Opinion: My te reo Māori journey - Oriini Kaipara

"Te reo Māori isn't just a language, it's a safe haven for many like me."
"Te reo Māori isn't just a language, it's a safe haven for many like me." Photo credit: Newshub.

Opinion: I love hearing and seeing te reo. I always have. 

Like water to fish or air to all living things - te reo Māori is my sustenance. 

I was born into te reo Māori, immersed in total Māori education from nappies to adulthood. Te reo was the only language I could speak during my childhood, and tikanga was a way of life we practiced daily, at home and at school.

My reo hero was and still is my koro (grandfather), Hori Te Pou. He only spoke te reo to me, which is why it's so important to me. 

It was our 'love' language, and my nan - his wife - carried it on when he passed away in 1996. 

Losing my koro devastated my entire whānau. It left all our homes bereft of te reo and tikanga. He was our pillar, our tower of strength when it came to our whakapapa. 

We stopped going to our marae, and te reo was hardly spoken at any of our whānau hui. The only place I could practice te reo was at school and when I started performing kapa haka at a senior competitive level. 

As a teenager, I was exposed to more of the 'outside' world, which meant life outside the comfort of my kura (school) and kāinga (home). It was unsettling. I started to notice strangers sneering and jeering when I'd speak Māori in public with my friends, then it started happening amongst my own whānau who couldn't speak it. 

I slowly stopped speaking my reo and felt ashamed to do so while around any non-speaker. 

It came to a point where I lost a bit of myself, and it's taken me a while to regain my courage and strength. My moko kauwae is a part of that journey of healing trauma - not just my own, but that of my whānau.

My school friends, who I'd grown up with, were and are now in a similar situation. Losing our grandparents and some of our parents during our teenage years brought us all closer together. 

For more than 30 years we have grown from a tight bubble to a community that includes our own tamariki (children) and mokopuna (grandchildren). Life for many of us revolves around kapa haka, our kura, and our Hoani Waititi Marae in West Auckland. 

Te reo Māori isn't just a language, it's a safe haven for many like me who were born into a world that is disappearing with the loss of so many of our kaumātua, our elders, across the country. They were the stalwarts of the 'old Māori world' we can now only read or learn about through secondhand accounts.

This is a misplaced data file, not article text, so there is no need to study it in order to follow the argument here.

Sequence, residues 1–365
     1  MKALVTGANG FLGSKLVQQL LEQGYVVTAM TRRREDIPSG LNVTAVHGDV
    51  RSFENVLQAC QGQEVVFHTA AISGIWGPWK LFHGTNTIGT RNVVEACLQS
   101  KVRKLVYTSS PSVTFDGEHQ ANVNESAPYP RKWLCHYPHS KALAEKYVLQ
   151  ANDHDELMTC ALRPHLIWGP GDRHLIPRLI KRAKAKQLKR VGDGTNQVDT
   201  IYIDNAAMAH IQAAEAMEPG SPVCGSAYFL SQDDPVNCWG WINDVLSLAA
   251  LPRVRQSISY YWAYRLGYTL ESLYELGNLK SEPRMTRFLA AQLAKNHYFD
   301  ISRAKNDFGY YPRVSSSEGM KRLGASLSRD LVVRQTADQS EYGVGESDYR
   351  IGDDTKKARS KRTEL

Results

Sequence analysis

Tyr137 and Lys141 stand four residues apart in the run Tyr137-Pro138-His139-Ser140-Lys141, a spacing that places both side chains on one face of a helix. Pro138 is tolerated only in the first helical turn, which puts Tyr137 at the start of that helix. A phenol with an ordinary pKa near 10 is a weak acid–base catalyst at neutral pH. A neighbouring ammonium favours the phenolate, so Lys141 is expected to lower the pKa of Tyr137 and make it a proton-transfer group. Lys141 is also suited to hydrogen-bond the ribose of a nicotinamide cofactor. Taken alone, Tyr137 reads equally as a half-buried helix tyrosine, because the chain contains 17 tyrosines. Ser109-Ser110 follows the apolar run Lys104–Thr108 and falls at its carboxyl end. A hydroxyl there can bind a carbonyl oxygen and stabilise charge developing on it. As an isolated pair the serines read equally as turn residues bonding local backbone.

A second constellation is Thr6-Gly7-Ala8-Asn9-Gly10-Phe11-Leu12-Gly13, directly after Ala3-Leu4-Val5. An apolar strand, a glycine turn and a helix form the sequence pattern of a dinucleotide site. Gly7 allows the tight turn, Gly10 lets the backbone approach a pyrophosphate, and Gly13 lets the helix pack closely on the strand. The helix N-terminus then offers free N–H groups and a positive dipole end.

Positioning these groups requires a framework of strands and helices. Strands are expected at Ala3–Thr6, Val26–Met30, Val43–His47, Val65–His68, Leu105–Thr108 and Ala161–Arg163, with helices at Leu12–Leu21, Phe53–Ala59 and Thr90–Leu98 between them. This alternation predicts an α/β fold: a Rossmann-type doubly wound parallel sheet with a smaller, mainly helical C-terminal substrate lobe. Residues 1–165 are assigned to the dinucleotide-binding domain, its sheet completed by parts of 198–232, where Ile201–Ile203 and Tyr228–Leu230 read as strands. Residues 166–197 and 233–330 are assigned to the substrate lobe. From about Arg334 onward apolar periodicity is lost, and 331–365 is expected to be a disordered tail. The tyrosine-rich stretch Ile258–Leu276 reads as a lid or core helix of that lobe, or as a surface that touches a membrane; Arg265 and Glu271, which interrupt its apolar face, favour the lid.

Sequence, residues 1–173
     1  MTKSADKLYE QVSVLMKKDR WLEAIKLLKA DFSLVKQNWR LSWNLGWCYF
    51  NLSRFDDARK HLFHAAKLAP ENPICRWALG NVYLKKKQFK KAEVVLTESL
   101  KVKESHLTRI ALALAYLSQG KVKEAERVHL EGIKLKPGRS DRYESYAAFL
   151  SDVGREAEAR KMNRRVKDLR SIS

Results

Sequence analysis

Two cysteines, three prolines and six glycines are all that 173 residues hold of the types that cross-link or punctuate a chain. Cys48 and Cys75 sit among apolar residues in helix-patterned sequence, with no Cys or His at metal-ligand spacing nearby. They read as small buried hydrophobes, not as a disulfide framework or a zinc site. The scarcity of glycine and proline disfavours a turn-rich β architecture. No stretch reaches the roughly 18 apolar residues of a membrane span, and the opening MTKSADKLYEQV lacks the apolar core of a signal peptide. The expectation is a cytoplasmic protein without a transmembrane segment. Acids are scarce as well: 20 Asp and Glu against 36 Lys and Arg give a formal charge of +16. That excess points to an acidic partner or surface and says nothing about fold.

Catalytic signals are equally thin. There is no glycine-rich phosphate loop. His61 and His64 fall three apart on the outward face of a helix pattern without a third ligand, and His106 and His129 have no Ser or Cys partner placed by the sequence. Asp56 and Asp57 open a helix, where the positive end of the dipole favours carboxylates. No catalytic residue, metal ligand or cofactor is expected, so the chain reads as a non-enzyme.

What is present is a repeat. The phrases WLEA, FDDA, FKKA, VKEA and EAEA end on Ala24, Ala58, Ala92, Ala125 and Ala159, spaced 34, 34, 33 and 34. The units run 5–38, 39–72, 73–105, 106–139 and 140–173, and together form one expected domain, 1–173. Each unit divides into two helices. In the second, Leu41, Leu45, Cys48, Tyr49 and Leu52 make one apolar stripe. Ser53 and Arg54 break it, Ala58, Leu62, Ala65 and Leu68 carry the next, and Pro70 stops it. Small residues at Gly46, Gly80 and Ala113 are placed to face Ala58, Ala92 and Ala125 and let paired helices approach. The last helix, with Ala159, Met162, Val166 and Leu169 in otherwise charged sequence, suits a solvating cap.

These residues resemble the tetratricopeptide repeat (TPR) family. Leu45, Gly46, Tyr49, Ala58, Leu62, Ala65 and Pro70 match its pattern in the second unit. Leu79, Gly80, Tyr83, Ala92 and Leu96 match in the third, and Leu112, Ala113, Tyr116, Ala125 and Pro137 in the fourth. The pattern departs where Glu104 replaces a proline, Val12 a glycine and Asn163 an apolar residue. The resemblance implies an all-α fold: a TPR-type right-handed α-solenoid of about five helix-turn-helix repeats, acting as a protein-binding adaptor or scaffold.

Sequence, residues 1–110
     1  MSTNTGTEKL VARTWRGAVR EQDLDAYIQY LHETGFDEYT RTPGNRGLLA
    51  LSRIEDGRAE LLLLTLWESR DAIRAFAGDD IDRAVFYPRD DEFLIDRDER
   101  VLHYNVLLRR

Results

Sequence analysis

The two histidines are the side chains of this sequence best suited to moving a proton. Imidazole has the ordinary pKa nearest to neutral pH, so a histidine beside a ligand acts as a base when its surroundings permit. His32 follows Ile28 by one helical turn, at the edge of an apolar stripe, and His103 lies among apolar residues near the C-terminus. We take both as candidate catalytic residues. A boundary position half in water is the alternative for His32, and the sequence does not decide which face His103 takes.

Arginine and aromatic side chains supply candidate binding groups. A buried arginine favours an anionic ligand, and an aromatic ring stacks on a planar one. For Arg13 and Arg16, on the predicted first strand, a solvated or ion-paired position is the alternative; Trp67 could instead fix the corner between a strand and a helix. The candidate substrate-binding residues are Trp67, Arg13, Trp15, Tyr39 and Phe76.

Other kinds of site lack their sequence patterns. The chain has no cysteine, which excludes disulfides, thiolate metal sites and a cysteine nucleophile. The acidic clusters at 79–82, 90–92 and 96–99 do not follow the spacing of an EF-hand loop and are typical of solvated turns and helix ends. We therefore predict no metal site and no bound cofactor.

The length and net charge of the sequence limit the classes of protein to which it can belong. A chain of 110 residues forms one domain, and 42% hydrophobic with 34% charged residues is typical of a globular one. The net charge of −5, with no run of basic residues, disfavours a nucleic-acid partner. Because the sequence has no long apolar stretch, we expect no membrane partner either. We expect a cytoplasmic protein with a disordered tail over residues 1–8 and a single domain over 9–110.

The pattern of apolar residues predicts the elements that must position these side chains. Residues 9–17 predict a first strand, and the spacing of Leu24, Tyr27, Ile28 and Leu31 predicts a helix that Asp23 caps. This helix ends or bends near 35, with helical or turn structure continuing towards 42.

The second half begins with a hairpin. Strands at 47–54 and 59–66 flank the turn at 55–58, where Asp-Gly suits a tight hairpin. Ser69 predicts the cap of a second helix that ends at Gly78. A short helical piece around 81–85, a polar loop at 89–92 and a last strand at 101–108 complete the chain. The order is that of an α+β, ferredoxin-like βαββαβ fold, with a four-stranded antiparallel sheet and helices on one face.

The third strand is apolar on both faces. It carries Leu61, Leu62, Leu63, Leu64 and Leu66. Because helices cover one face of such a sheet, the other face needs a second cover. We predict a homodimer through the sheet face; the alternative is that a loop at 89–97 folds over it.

Te reo Māori is a living language - he reo ora - and in order to really cultivate its intrinsic value it has to be experienced rather than instructed. It's one thing to be able to utter one or some words, but to breathe the essence of the reo and understand its depth is key to being able to view and navigate the world through a Māori or indigenous lens. 

When I reflect on this year's Te Wiki o Te Reo Māori I am filled with pride.

The official launch at parliament on Wednesday, 50 years from the day the reo petition was presented to the government, reduced me to tears. It was a historic moment where te reo brought thousands together including senior ministers and officials, to celebrate. 

Koirā te wā tuatahi kua kite, kua wheako au i tērā tū āhua nōku e ora ana - that was the first time in my life I had ever seen that. 

I've been moved also by the amount of reo taken up by my Newshub colleagues and cast across our platforms and prime-time programmes. I've felt compelled to watch just because I'm witnessing mainstream media not just embrace our reo, but normalise it.

That wasn't the norm a decade ago, and it certainly wasn't allowed when my grandparents were still alive. So, to have seasoned news anchors and celebrities kōrero even a little throughout this week gives me hope that my language may just survive. Moreover, it gives me hope that my culture is finally being accepted and valued. 

I do ask though that we keep our efforts going beyond Te Wiki o Te Reo Māori. Please. 

I don't want my tamariki or mokopuna to feel displaced nor know the feeling of whakamā (shame) and mamae (trauma) from not being able to speak their ancestral language because society doesn't accept it the other 51 weeks of the year. 

And to my fellow reo speakers, please don't be arrogant. That's one thing I heard from the Ngā Tamatoa reunion in Taranaki this week. There are reo speakers who are making our own people feel bad for not knowing. Reo trauma is real. Help our people heal. 

I'll end with a whakatauāki (proverb) I saw on The Hori's Instagram account, "you can champion te reo Māori without being a champion of te reo Māori".

E ora ai te reo me kōrero - for the language to survive we must speak it.